Republicans are about to make a hate group’s lawyer a federal appeals court judge

A gavel and a chair, suggesting judges
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The Senate just voted to end debate on a hate group lawyer who was nominated to a federal appeals court, which pretty much guarantees that she’ll be confirmed.

Allison Jones Rushing, 37, has been a lawyer for about nine years and has only tried four cases to judgment or verdict.

Part of her limited experience has come from the Alliance Defending Freedom, an anti-LGBTQ hate group known for its lawsuits to overturn anti-discrimination laws, like their work in the Masterpiece Cakeshop case.

ADF is also fighting conversion therapy bans and even defending a homeless shelter that wants to ban transgender people from its facility.

In 2013, she participated in a forum where she discussed the “moral and practical” reasons for the federal ban on marriage equality, including “a moral conviction that heterosexuality better comports with traditional (especially Judeo-Christian) morality.”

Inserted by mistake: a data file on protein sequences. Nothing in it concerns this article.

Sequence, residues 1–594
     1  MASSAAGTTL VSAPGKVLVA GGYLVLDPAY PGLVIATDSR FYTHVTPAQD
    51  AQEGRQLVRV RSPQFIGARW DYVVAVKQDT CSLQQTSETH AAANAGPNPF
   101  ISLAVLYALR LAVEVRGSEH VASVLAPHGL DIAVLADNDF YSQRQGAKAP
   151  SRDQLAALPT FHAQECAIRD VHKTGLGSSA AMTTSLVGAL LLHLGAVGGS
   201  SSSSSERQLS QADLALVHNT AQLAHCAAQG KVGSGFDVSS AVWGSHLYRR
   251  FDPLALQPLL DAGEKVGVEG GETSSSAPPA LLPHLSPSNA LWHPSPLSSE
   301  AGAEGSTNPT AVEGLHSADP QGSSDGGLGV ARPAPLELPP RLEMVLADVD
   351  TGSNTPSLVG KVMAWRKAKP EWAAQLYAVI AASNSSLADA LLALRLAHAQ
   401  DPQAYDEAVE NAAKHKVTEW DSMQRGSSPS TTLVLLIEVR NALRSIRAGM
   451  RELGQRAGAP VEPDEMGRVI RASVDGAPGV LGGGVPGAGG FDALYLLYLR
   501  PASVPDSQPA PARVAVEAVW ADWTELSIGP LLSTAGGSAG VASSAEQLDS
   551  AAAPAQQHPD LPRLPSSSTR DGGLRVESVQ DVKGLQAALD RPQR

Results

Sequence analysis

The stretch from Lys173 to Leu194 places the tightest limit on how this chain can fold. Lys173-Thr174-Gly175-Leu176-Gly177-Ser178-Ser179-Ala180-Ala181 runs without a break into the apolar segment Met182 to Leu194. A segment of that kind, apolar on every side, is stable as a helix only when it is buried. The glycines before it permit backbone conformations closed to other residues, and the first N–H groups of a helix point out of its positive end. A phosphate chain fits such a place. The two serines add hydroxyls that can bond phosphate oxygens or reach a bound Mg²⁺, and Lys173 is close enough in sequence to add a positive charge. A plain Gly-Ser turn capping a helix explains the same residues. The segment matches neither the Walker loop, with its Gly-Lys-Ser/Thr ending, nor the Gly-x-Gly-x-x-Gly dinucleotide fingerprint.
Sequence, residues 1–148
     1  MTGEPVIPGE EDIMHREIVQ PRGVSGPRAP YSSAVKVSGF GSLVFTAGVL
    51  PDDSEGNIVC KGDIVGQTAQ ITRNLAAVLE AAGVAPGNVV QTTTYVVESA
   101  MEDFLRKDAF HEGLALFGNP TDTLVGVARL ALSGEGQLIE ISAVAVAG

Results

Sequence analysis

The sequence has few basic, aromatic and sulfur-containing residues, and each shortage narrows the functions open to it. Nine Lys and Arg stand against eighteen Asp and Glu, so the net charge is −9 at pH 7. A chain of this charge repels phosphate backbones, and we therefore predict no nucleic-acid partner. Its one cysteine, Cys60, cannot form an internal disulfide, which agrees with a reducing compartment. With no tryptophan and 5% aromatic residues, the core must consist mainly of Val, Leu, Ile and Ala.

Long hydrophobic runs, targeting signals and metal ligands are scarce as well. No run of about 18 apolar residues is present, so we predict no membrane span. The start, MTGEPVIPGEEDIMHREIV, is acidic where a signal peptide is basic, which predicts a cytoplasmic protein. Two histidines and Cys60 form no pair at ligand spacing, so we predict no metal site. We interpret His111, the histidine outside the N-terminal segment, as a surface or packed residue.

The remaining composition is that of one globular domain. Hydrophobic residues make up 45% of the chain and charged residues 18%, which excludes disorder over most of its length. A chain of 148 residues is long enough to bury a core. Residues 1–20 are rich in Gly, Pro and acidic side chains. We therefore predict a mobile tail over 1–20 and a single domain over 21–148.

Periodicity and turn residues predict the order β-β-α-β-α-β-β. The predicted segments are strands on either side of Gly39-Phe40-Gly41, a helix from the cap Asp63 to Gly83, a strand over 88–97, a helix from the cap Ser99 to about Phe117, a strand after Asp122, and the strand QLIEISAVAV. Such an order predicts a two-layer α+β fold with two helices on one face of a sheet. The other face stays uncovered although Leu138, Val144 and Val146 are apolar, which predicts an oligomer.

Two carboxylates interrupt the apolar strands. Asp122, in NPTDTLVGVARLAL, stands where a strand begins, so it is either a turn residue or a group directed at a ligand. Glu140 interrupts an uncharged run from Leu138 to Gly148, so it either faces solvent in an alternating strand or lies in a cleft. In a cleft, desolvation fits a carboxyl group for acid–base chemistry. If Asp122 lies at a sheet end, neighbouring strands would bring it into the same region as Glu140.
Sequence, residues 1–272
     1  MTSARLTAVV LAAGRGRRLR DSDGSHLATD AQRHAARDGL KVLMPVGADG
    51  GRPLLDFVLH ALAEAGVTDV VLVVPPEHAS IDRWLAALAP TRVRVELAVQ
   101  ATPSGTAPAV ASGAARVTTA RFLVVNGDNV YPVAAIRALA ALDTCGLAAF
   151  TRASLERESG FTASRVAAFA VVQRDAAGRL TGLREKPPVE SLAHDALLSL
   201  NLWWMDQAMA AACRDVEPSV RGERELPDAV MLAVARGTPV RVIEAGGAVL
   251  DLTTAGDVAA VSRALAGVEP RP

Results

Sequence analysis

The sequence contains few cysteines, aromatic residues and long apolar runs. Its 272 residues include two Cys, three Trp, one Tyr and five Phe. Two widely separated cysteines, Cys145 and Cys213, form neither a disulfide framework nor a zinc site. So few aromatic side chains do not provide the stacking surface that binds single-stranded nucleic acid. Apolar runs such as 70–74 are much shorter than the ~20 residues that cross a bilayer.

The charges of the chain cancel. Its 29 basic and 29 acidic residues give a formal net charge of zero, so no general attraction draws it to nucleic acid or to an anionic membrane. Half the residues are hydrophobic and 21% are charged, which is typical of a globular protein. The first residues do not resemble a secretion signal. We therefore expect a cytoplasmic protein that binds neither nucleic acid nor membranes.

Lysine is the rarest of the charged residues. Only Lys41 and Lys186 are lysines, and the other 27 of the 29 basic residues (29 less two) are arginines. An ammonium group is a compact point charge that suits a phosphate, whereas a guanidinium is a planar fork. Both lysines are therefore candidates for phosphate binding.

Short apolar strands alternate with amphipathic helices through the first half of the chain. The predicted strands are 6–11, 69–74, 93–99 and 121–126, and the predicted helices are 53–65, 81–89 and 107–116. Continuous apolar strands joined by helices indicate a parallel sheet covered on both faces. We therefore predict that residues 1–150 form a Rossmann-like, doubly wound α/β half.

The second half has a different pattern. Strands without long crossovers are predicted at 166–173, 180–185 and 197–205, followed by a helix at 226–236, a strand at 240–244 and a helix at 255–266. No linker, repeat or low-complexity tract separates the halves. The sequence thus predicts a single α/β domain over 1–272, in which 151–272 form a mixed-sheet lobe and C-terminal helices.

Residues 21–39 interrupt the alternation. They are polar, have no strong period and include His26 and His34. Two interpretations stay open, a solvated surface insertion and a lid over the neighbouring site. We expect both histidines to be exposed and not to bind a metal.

Related: Arizona state government is secretly funding an anti-LGBTQ hate group

Donald Trump nominated Rushing to the U.S. Court of Appeals for the Fourth Circuit, based in Richmond, Virginia.

Last night, the Senate voted 52-43 along party lines to end the debate on her confirmation. She is expected to be confirmed today.

At 37-years-old, she would be one of the youngest federal judges with a lifetime appointment.

Rushing is a partner at Williams & Connolly, where she has gotten most of her legal experience by defending corporations. She is also a member of the anti-LGBTQ Federalist Society, like many of Trump’s other judicial nominees.

Each year, around 7000 cases make it to federal circuit courts, but fewer than 150 make it to the Supreme Court. This means that Rushing will often be the final word on federal legal decisions concerning a wide range of issues, including LGBTQ rights.

Her confirmation hearing was scheduled when the Senate was not in session, and no Democrats could attend. Only two Republicans attended it.

“The GOP majority has eviscerated nearly all Senate rules and customs, such as consultation and blue slips, that protect the minority party’s prerogatives in the nomination and confirmation processes,” University of Richmond law professor Carl Tobias told the Huffington Post.

“Not healthy for the judiciary or the nation.”

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